Lucas’ premise was that 1 John is often regarded as a letter written to provide assurance to young believers, whereas actually its focus is on false teachers and persuading the whole church to remain true to the apostolic teaching. Looks like James Jordan may be taking a similar view – it does unlock an awful lot of otherwise-difficult passages in that letter.

  9. Al says:

    John,
    Thanks for the link to Lucas’ talk. I have downloaded it and look forward to listening to it some time in the next few days.

  10. garver says:

    I’ve not followed the comments on this verse elsewehere, so forgive me if I’m repeating points others have suggested.

    It seems that even on the traditional Reformed reading it’s not entirely clear in precisely what sense those who went out from us were not properly “out from us.” Not elect to glory? Well, almost by definition. Something more? At any rate, other passages would have to be brought to bear to fill out the details.

    But let’s suppose something like Jordan’s view is correct (and it seems entirely plausible). I wonder if the verses in question might still speak to the question of apostasy by way of analogy.

    The entire church, as the people of God, is caught up into the mission of God: a people sent out on mission, a mission that is apostolic in its content and character.

    We are handed over to and commissioned for this task in our baptismal identity, by which the Gospel, held out in the name of the Triune God, is impressed upon us.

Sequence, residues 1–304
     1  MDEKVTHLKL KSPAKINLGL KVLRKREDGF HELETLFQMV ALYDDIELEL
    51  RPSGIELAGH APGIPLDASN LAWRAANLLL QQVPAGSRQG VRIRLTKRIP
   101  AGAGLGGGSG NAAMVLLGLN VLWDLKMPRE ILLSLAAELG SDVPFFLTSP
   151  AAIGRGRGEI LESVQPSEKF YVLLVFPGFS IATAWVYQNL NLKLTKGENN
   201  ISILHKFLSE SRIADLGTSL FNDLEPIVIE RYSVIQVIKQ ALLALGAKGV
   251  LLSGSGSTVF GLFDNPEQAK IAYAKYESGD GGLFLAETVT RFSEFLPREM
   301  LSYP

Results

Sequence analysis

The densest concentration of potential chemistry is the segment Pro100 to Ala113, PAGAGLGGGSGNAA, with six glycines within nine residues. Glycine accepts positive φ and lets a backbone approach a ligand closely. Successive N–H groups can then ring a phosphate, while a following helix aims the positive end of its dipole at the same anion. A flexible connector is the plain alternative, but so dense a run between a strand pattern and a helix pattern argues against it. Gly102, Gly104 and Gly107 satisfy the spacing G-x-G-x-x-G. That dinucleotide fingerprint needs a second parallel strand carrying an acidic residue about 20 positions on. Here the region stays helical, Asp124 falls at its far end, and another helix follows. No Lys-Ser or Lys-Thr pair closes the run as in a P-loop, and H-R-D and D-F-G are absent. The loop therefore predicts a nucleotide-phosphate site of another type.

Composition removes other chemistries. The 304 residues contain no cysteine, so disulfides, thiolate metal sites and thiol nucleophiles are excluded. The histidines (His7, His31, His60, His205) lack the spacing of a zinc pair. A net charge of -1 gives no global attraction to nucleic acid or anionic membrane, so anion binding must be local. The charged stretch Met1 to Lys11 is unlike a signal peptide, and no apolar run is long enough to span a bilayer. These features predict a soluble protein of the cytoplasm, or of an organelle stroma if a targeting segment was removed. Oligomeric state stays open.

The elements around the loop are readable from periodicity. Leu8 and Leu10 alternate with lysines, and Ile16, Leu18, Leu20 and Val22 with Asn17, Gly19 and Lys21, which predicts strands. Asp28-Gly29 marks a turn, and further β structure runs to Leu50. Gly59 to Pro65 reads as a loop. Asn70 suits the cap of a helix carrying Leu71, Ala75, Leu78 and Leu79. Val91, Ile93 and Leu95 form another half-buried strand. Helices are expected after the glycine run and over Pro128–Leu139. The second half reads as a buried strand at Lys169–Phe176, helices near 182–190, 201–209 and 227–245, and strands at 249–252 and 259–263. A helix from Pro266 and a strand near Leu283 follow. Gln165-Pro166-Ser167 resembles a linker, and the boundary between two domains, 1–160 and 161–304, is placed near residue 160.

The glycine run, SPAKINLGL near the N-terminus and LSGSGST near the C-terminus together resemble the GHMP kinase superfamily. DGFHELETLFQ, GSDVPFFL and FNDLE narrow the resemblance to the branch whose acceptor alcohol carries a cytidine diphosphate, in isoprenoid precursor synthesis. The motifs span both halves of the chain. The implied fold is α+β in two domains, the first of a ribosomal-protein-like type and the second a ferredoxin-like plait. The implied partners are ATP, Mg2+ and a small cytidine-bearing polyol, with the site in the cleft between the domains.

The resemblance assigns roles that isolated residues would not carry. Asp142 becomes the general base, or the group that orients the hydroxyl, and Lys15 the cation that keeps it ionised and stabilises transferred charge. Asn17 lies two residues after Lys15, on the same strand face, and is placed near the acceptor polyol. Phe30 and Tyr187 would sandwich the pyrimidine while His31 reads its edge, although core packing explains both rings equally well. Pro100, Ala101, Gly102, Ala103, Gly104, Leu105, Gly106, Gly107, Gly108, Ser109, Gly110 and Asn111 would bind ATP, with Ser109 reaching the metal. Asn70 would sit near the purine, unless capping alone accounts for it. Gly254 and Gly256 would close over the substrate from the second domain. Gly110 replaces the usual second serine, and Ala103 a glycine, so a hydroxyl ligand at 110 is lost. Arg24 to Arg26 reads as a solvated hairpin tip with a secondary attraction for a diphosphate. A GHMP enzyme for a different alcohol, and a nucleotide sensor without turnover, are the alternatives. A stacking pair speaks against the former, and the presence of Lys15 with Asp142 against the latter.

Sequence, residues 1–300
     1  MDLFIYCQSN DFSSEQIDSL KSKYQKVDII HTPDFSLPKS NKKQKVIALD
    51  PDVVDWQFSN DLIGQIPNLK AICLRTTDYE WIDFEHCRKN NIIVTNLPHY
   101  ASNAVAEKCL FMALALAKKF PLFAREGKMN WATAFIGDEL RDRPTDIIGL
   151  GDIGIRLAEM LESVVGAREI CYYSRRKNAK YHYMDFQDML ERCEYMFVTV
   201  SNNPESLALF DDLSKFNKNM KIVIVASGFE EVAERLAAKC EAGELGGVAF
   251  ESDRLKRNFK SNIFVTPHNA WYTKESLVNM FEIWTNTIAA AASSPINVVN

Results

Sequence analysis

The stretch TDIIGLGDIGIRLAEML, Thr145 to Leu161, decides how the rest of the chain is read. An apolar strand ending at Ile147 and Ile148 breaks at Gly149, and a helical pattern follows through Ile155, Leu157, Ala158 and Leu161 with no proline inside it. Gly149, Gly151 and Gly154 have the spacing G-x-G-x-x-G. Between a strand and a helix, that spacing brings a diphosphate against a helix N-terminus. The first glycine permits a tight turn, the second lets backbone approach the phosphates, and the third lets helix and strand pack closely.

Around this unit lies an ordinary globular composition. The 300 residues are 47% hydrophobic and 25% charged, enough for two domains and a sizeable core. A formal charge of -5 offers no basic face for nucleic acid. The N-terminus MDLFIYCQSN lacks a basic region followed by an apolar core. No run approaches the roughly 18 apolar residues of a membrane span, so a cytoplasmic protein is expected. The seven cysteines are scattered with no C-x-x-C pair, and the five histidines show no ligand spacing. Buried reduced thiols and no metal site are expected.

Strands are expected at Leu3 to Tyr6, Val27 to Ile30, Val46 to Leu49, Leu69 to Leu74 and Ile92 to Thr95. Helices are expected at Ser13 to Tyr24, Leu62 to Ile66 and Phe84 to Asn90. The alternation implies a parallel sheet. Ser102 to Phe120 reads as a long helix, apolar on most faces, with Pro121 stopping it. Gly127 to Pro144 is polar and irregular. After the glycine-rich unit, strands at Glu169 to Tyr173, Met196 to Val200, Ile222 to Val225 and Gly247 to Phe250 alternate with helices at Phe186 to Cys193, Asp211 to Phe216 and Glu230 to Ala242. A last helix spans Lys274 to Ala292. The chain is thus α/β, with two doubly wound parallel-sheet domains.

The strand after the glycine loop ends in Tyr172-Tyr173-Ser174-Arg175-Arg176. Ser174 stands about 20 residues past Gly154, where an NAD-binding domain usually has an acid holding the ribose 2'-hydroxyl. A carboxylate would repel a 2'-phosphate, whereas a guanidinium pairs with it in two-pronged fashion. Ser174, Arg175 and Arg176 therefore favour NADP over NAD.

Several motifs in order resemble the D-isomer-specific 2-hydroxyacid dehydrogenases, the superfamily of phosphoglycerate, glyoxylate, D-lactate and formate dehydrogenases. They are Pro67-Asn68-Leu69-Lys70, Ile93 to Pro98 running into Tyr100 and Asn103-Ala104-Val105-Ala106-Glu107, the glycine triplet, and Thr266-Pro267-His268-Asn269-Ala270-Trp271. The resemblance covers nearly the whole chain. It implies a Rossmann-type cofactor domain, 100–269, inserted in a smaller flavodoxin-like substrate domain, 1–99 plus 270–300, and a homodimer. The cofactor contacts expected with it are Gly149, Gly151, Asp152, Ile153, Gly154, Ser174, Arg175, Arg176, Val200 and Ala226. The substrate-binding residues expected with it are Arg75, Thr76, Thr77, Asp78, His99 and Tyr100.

Those, however, who take up baptism in form and sign but who, sooner or later, reject in unbelief the Gospel that baptism holds out to us – they have dealt falsely and broken faith with that baptismal identity and commission.

    And so…well, the problem with analogies is that at some point along the way, the break down. Not remaining faithful to the Gospel is not quite analogous to going out without apostolic commission.

    But the analogy here would perhaps in some manner confirm what Scripture teaches elsewhere regarding tares among the wheat, stony and weed-infested ground, and other images of ultimate unbelief.

    Take that for the rambling that it is.

  11. Al says:

    Joel,
    Thanks for the comments. I can agree with your point to some extent. I think that there is a sense in which we can say of apostates that they were ‘not of us’.

    However, my concern is that the Reformed tradition has portrayed the distinction between the elect and the reprobate to be far, far more of an absolute distinction than it is in Scripture.

    Barth says some good stuff on this in CD II.2, stressing that individuals are not elected as such, but are elect only in Christ and through the mediation of the community. I appreciate the way in which Barth stresses how closely related the elect and the reprobate actually are and that the distinction between them is far more relative than absolute in character. The continuing connection between believers and unbelievers simply is not sufficiently underlined in many Reformed contexts.